Visit to the Cornerstone Ceremony for the New Masonic Lodge at Upper Canada Village
by Lucy Martin
After nearly a week of rain, blue skies and mild conditions made the 21st of June a perfect summer solstice day. RTHS members and friends arrived in individual car pools for this long-awaited event: the dedication of the old Kars Loyal Orange Lodge as a "new" 1860's-era version of an Ancient Brethren Lodge.
Masons across Eastern Ontario raised much of the funding required to make that project a reality. Along with their families and the general public, they came from far and wide to see what's become a rare sight, the laying of a Lodge cornerstone.
The celebration began with the South Glengarry Pipe and Drum Band leading hundreds of Masons in formal suits with colourful aprons and regalia--as well as masons in kilts and personable bikers in Masonic-embroidered motorcycle leather. After a parade that circled the village, the masons formed an impressive twin line along scenic Church Street, fronting the restored lodge.
For the big day, the cornerstone hung by rope in mid-air under a cedar-decorated tripod. With solemn words and proper ceremony, it was lowered, fixed in mortar, measured and found true, and symbolically anointed with corn, wine and oil.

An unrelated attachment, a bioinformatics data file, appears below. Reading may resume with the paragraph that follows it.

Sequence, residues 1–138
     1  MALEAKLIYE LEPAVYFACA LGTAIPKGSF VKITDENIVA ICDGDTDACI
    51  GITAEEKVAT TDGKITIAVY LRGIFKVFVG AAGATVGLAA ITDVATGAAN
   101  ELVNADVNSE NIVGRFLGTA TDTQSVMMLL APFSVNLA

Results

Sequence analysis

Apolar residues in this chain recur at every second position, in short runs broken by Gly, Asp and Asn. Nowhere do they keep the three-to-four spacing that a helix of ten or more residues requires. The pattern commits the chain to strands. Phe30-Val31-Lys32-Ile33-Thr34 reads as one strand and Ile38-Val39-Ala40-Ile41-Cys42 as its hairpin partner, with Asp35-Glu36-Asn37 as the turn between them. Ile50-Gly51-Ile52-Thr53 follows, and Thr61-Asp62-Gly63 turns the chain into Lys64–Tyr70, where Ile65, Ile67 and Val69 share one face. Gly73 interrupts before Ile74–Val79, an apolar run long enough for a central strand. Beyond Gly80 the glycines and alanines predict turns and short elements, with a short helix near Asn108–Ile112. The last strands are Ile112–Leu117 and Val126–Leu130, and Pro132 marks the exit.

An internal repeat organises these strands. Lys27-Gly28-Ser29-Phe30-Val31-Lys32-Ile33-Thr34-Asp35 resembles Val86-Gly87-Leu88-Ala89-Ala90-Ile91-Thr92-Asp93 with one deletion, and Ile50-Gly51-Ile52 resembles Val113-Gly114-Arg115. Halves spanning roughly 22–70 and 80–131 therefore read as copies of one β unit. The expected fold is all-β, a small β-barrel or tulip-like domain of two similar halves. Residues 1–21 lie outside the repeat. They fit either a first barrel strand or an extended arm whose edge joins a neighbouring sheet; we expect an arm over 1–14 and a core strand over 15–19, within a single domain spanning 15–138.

With rituals observed, the entry ribbon was cut allowing the public their chance to step inside. The bucolic afternoon continued with lemonade served under a large canvas tent in the adjacent pasture and a thanksgiving service at the church just two doors up the street.
Although the old structure has the same footprint, it has been made over with so much fresh timber planking and interior restoration that it practically looks and feels new. This charming addition to Upper Canada Village will educate visitors about the role lodges and fraternal societies played in community life of the time. After the ceremonies, the cornerstone was permanently placed in the northeast corner of the building along with a copper time capsule made by the Village tinsmith.
Space does not permit individual recognition but kudos to all who made this long-term project such a success.